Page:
Soundware remains a massive market. Products fall in the CDM inbox daily. There’s just not so much to talk about – even when the quality is exceptional. There are good products out there, and sampled libraries are especially essential for anyone working on tight deadlines – no matter the joy of recording material, anyone working for markets like TV or film likely needs some assistance satisfying clients in a hurry. It’s just that there’s so much out there, there isn’t always a story.

Output is a new sound house out of Los Angeles that found a way to tell a story, by focusing entirely on a technique. Everything in REV, as the name implies (and the video demonstrates) is … well, reversed.

The producers of the content come from a strong pedigree in sound design and composition: Gregg Lehrman (scoring), Neil Hallimen (vocals and … polka, really), and John Nye (composition and scoring, out of the excellent Berklee program) all collaborate. And it sounds so far like they’ve done really beautiful sounds.

A taste for reversed sounds is clearly widespread, too – none other than composer Harry Gregson-Williams chimes in with his desire for backwards instrumental textures in an endorsement. It’s strange: normally, artificial techniques wane in interest, yet reversed sounds for some reason always seem somewhat pleasing to the ear. They’re organically unnatural, in some sense – physically impossible (or at least warped), but with shapes that connect to our perception of sound.



Built in Native Instruments’ Kontakt. The specs:
4 engines: Instruments, Timed Instruments, Loops, and Rises. (Well, “interfaces” might be as good a definition as engines; these are different structures and corresponding UIs built atop the Kontakt engine.)
1,000 patches
14 GB of content
Built-in filters, stutter-effects, real-time and “trigger” effects, and on-screen help.

US$199 for the whole library – not bad for a 14GB collection, even if having everything in reverse is more niche.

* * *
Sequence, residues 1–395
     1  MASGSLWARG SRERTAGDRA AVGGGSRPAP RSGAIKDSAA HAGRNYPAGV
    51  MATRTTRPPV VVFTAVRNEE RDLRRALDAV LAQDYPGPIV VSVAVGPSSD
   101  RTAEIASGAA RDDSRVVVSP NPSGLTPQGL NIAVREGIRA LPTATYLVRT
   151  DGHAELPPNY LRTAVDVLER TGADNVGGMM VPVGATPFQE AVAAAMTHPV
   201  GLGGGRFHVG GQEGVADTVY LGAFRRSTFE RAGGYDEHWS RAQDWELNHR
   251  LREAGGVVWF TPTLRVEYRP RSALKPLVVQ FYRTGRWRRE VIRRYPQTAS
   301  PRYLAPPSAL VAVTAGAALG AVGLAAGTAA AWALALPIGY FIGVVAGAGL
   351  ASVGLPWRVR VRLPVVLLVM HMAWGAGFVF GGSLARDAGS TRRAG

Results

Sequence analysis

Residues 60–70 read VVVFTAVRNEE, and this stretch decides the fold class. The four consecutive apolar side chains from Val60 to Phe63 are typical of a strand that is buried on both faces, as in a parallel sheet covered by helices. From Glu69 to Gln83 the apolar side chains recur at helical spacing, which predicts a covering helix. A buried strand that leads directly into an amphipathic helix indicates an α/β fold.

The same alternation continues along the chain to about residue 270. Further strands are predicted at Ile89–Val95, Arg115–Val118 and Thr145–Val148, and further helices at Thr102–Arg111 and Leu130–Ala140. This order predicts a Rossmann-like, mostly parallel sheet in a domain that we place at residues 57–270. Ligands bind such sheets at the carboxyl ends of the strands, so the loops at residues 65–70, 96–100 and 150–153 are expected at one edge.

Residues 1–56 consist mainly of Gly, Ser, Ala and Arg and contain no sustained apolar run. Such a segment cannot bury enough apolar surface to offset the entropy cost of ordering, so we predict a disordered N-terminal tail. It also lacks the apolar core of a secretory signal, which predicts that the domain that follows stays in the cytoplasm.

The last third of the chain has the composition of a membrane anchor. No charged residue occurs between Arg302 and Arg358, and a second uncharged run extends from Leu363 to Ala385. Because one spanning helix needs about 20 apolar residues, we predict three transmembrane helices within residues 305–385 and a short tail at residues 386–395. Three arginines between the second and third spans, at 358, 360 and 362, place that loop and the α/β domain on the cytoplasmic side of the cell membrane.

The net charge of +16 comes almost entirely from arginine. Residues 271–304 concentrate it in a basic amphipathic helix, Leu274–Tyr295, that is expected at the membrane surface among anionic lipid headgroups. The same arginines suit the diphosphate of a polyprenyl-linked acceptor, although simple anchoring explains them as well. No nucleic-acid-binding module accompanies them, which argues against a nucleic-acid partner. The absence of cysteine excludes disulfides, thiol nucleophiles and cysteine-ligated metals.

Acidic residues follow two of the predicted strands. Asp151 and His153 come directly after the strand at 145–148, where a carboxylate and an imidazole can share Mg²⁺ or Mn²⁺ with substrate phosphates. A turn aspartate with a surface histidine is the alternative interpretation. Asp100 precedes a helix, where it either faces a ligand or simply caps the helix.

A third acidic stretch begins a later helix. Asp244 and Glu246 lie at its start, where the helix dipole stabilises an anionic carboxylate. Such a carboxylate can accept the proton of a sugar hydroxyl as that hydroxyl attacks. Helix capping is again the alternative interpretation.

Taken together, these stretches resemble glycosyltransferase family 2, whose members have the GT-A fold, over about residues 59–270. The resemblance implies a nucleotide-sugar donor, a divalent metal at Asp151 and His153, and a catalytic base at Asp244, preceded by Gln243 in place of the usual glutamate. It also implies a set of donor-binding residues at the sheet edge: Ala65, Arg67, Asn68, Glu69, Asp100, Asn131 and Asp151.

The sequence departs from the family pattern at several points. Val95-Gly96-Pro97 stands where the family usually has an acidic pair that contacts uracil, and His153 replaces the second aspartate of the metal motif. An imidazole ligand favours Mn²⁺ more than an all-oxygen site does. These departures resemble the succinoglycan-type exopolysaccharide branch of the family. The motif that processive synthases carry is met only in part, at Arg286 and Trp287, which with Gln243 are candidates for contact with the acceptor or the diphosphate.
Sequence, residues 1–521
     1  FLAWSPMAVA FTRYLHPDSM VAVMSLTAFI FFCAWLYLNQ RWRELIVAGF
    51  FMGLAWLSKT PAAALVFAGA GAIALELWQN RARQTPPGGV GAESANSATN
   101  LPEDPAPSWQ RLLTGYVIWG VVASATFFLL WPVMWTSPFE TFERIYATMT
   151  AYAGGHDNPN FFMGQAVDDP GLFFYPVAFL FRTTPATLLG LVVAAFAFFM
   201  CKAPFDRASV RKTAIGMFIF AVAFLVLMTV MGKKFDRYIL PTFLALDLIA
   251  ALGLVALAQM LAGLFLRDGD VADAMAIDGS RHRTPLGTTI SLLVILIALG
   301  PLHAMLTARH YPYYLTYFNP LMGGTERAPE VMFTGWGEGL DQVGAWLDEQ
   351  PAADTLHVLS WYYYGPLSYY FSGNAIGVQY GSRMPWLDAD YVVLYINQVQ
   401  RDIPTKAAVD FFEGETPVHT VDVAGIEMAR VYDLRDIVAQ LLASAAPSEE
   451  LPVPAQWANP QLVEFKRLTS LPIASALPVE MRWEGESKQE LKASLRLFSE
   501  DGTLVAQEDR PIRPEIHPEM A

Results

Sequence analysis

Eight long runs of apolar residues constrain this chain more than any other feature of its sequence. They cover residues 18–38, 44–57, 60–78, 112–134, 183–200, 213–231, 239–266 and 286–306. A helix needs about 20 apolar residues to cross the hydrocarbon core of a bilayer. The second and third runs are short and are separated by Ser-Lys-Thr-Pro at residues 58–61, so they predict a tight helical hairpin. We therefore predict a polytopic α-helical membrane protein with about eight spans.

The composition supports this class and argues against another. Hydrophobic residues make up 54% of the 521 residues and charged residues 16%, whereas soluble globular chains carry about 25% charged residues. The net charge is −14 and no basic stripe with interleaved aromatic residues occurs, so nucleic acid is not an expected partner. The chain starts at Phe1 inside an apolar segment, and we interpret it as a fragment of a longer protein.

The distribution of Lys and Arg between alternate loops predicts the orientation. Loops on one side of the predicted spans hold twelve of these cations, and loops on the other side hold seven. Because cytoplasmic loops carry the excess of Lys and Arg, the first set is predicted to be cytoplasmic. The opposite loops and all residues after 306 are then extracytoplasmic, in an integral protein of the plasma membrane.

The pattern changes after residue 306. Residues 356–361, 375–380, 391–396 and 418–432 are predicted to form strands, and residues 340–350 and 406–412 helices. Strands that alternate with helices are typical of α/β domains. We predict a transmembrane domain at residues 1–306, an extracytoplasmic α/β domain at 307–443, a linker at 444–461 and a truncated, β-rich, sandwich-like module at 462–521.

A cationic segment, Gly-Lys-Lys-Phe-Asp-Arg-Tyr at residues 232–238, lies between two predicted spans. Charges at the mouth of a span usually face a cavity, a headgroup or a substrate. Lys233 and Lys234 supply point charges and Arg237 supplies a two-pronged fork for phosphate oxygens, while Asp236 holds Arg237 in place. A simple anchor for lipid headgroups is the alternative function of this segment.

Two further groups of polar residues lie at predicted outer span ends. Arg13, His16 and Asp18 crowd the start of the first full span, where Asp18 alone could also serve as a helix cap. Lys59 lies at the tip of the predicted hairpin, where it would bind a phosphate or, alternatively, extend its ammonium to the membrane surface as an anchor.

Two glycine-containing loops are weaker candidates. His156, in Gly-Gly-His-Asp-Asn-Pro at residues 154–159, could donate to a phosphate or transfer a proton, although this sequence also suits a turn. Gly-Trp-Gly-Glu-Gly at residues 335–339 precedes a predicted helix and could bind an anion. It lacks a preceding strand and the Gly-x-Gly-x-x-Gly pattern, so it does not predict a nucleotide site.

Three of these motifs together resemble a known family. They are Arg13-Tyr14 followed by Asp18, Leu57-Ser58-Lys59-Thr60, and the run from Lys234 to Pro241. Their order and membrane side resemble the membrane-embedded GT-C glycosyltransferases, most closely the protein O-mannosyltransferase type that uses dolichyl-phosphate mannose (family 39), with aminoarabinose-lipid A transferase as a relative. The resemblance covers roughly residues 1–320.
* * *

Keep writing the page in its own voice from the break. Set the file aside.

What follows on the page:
And in a novel idea for software distribution, a partnership with Native Instruments means you can install directly from NI’s own Service Center. (Given the competition in sample engines, and for soundware, that sounds like an idea that could have some legs.)

I love the sounds, and I love that they committed to an idea. At the same time, I do wonder if some of the claims here aren’t slightly overstated. Depending on the environment, it isn’t actually that hard to reverse sounds. In fact, in cases in which it is, one might blame the authors of the tools: reversing is too often a strange afterthought. (At an engineering level, there’s absolutely nothing that says audio has to play forward or backward. It’s just an assumption by the people writing the software that you want to go just one direction. I almost always include reverse switches all over my Pd patches, for instance.)

And that makes me wonder if there aren’t other smart ways of doing this with existing arrangements, or if some nice Max for Live device or plug-in could open up more reverse audio-ism. So, I bring this up to see if other readers have pondered the same thing – or built their own backwards workflows. (Okay, all of my workflows are sort of backwards. Backwards audio playback workflows.)

That said, for pre-built instruments around the idea, REV looks promising. Check out the tutorials for more of what they’ve done.


And some instruments (more vids on their YouTube channel):

Everything else:

  • animalfarm

    I dont get it. so a bunch of music graduates get together, assemble 14 gigs of samples and sell them for 199$. And then call that niche just because these samples are either rendered backwards or the sample player is preset to read them backwards. What makes this so special as opposed to all the other other sample libraries cdm gets sent every day?

    Comon, getting a playable reverse instrument (or cymbal track or chord progression as mentioned in the video) is a very simple task which anybody who is just a bit serious with electronic music production should be able to tackle in no time. I got no problem with some people making these kinds of sample packs and promoting them. But I do find it a bit strange that this particular one gets favored on this site, as opposed to the hundreds of other sample packs which are just equally “innovative” and interesting. Maybe because of the expensive video ad?

  • Reginald Hardvar Isdbest

    It’s a pity Native Instruments can’t focus on the simple stuff like getting looping in general, and in particular, alternating (reverse) looping to actually work without skipping samples and creating glitches, something that an S950 did properly in 1989…..